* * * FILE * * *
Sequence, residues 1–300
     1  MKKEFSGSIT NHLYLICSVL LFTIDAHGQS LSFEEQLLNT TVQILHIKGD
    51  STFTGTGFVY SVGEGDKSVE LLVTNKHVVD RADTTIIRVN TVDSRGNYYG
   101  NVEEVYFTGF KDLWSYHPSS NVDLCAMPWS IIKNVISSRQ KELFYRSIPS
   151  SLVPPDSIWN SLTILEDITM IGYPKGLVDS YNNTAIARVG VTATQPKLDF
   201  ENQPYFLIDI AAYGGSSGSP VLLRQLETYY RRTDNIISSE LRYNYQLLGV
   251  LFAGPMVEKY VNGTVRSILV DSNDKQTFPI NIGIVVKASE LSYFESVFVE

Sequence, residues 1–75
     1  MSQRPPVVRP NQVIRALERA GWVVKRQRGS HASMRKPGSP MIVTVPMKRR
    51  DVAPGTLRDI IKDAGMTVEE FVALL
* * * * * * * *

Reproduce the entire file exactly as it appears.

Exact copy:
Sequence, residues 1–300
     1  MKKEFSGSIT NHLYLICSVL LFTIDAHGQS LSFEEQLLNT TVQILHIKGD
    51  STFTGTGFVY SVGEGDKSVE LLVTNKHVVD RADTTIIRVN TVDSRGNYYG
   101  NVEEVYFTGF KDLWSYHPSS NVDLCAMPWS IIKNVISSRQ KELFYRSIPS
   151  SLVPPDSIWN SLTILEDITM IGYPKGLVDS YNNTAIARVG VTATQPKLDF
   201  ENQPYFLIDI AAYGGSSGSP VLLRQLETYY RRTDNIISSE LRYNYQLLGV
   251  LFAGPMVEKY VNGTVRSILV DSNDKQTFPI NIGIVVKASE LSYFESVFVE

Sequence, residues 1–75
     1  MSQRPPVVRP NQVIRALERA GWVVKRQRGS HASMRKPGSP MIVTVPMKRR
    51  DVAPGTLRDI IKDAGMTVEE FVALL